Tuesday, December 23, 2008

PASSENGERS: MOVIE REVIEW


Cast: Anne Hathaway, Patrick Wilson, David Morse, Clea Duvall
Director: Rodrigo Garcia
Runtime: 85 min.
Rating: *
Genre: Thriller, Drama

        There’s a twist in the tale, obviously inspired by Shyamalan’s movies, and obviously designed to shock you. But there’s a small problem that occurs while we’re on our way to meet it. You see, the journey is so boring and lifeless and we’re so down and out that we’re in a position to accept anything. If they had capped it with the final battle sequence of Saving Private Ryan, I wouldn’t have complained. If they had capped it with a song and dance number from Moulin Rouge, I would have clapped and jumped and would never have complained. If they had skipped the final few reels, and jumped straight to the credits I still wouldn’t have complained. As long as they promised to end it they had my complete support. And I didn’t disappoint them. Even when my luck was staring right into the face of an exposition that could not have been any farther from originality even if it had tried.
        You know that stock twist where everything is a dream? Mark that as your reference point. Now mark the coordinates of that one where everyone is dead and cheerfully unaware of it (I realize why we have funerals. So that the dead get the memo, and don’t roam about a confused lot.). Connect the two via a line segment. Now run. Run far, far away from it. Run like the wind blows. In the opposite direction to that segment. If you don’t you’ll end up like me, staring into empty spaces and constructing coordinates and marking points and considering the mathematical equation to time travel. A flight down to salvage the past.
        So, what does the plot involve? How would you feel watching it? You know, a movie where all its characters ran around in a merry-go-round with some of them falling arbitrarily while some board arbitrarily would have been considerably more involving, and dare I say more insightful. The deal is plain. You horse around for an hour weaving some silly romance which supposedly bloomed in the wake of a great mishap, and bang, in the final reel try to pull the rug. There occurs a great air tragedy, and there are left only a few survivors. Supposedly, they end up being so traumatic that they might grow the Leonard Shelby syndrome, even though they suffered only as much as a scar on their elbow. A shrink walks in, Claire her name, played by Anne Hathaway, and I’m still trying to come up with an explanation as to why. Of course, my favorite one is where she is speaking rather sternly to her agent behind closed doors. Of all the fantasies I have had for Ms. Hathaway, this would probably be the only one which would be for her good were it was fulfilled.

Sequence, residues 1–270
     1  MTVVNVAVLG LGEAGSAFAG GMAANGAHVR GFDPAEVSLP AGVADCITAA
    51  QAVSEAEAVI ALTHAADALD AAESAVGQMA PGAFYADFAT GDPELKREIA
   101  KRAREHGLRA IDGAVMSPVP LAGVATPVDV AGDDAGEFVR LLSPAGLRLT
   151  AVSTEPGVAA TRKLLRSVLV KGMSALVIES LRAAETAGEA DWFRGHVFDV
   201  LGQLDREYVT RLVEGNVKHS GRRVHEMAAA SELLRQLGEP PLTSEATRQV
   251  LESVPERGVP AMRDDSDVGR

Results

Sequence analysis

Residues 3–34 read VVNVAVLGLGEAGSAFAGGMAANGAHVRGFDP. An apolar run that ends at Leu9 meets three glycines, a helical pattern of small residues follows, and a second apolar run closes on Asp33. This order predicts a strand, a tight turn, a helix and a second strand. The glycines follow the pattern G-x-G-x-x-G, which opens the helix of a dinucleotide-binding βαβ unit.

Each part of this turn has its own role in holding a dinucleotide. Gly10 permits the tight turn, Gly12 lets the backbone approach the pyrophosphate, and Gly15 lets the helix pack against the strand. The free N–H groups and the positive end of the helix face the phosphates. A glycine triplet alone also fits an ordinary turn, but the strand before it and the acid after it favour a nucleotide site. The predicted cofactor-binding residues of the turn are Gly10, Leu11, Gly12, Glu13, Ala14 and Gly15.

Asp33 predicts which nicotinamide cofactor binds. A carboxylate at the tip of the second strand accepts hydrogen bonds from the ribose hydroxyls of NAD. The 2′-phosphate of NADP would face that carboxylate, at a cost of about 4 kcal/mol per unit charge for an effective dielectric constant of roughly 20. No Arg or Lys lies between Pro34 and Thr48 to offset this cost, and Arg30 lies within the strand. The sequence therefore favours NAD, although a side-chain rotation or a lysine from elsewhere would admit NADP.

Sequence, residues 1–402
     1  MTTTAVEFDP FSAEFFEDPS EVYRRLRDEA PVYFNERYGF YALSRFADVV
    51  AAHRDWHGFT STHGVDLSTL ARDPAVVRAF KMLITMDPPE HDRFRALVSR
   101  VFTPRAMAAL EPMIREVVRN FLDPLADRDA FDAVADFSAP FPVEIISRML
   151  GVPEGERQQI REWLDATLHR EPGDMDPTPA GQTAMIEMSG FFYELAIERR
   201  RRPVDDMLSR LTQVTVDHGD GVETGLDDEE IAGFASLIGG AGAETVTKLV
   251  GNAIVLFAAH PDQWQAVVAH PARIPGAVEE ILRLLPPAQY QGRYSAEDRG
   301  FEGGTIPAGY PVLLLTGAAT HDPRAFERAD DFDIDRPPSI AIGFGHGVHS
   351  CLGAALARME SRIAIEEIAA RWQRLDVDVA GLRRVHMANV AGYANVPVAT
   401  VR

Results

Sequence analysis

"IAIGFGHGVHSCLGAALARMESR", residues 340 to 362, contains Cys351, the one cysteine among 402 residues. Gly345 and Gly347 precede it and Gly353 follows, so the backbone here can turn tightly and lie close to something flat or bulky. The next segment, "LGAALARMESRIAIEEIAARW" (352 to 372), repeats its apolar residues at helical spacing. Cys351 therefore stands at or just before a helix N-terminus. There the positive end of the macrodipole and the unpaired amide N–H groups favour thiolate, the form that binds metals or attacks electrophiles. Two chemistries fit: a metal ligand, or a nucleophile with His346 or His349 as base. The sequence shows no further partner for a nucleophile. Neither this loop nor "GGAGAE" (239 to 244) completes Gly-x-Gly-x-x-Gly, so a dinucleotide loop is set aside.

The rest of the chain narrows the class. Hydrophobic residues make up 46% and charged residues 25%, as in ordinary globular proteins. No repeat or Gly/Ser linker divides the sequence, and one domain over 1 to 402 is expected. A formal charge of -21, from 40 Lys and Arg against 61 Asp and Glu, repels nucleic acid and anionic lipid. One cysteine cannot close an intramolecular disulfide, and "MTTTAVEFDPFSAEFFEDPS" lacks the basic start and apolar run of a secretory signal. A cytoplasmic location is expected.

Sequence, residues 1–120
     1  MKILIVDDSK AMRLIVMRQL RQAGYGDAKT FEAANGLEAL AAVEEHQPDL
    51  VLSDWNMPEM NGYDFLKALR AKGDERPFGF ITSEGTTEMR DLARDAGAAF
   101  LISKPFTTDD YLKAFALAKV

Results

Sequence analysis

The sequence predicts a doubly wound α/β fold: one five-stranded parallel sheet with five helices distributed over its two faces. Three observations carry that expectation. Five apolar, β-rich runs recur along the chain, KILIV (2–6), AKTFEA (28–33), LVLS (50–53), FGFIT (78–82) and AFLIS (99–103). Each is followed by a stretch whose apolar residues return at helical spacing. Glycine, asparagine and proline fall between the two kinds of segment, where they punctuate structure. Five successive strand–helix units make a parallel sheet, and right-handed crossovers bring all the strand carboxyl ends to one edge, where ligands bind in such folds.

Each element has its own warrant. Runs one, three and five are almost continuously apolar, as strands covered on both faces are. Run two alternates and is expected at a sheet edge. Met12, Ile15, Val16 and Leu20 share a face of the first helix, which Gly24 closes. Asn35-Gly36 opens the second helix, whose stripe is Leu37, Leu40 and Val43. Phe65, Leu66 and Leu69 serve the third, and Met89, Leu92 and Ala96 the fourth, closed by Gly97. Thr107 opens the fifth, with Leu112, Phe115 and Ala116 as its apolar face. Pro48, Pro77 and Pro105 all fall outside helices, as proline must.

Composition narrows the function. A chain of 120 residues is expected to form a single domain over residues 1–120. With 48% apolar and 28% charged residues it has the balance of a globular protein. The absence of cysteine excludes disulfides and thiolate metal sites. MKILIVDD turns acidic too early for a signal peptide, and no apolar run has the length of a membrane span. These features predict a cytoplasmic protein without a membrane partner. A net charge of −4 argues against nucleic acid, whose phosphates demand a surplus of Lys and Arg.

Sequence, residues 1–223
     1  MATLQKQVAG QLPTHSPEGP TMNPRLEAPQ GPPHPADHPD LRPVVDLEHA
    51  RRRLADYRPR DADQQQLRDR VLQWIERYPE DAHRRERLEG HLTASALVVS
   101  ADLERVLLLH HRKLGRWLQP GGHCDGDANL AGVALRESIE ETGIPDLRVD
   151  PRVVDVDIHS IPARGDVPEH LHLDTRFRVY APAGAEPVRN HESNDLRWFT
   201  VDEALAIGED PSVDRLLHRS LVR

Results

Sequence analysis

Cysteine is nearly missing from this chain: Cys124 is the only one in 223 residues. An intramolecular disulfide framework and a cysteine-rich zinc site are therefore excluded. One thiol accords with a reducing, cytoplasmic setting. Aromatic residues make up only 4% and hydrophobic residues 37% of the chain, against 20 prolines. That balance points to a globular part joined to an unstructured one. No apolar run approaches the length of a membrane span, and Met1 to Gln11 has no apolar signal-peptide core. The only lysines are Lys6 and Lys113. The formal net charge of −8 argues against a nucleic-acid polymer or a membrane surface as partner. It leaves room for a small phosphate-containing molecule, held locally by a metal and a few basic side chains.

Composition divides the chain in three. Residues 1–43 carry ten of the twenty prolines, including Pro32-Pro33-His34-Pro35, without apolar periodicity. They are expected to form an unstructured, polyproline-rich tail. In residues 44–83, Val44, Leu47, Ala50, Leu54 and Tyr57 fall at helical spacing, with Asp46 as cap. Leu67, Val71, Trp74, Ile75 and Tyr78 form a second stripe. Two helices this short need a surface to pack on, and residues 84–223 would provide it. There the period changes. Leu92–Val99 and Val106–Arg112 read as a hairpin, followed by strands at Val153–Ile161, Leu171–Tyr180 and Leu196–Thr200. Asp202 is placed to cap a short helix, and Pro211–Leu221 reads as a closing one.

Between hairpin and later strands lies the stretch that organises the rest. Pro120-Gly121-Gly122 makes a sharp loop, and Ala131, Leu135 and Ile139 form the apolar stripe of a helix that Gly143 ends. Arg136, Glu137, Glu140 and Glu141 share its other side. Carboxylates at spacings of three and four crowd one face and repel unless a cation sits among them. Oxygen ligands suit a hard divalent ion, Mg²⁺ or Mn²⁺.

Now, one of the survivors, Eric (Wilson), has grown hyper-reactive, and has grown an over-bloated sense of euphoria in life. As the PhD genius Claire puts it, he must be reevaluating his priorities. Yup, that was something you needed to drill through a million books to come up with. Never mind, because all this has happened just in time for some obligatory PG-13 sex, and Eric all but disappears after enjoying Ms. Hathaway. I’m not a PhD genius but if I were Claire I would have felt exploited, whatever the condition of my patient may be. Back to the wreckage, and some of the survivors recount a different tale of the mishap implying the airline’s negligence, while some recount a different one where it is all squarely put on the overworked pilot. Claire tries venture into the truth behind these stories when the airline’s staff start resisting. You know, EVERYONE MIGHT BE INVOLVED.
        But don’t pay too much attention to the plot, because it has all been re-engineered into existence. The template so obviously is The Sixth Sense. But let me tell you once again, a truly great thriller with a truly great twist in the tale doesn’t reverse engineer its plot. It actually engineers its plot, and designs its twist which is worthy of it and in a way inevitable. I wonder, why don’t filmmakers gather the courage to make a film where the twist or whatever is presented beforehand, and we’re left with the happenings of the entire film to grapple with its developments. You know, like running it all backwards with us having the knowledge of what it will all end like. It is considerably easy even to the most unimaginative narrator to place us in the character’s vantage point and do any which thing he wants. But it requires only a great film to give us that knowledge beforehand, to place us not in a First Person POV but a third person’s, and then go about his business. Such a movie won’t only work, it will actually cause devastation. I remember Irreversible, and it almost got there. Well almost. And I still applaud. For this one here though, I applauded when it finally ended. And I jumped around in joy, before I got down to drawing the coordinates. I still am. And the way I see it, it is all simple – Run. Run dear reader, run.

3 comments:

sera_miguel said...

that was a nice explanation and way to use big words u sounded like some mad scientist or something.

Anonymous said...

I have just sat here lauging out loud from your review - great take

Anonymous said...

You obviously missed the point of this movie. No amount of wise ass talk can save you from that.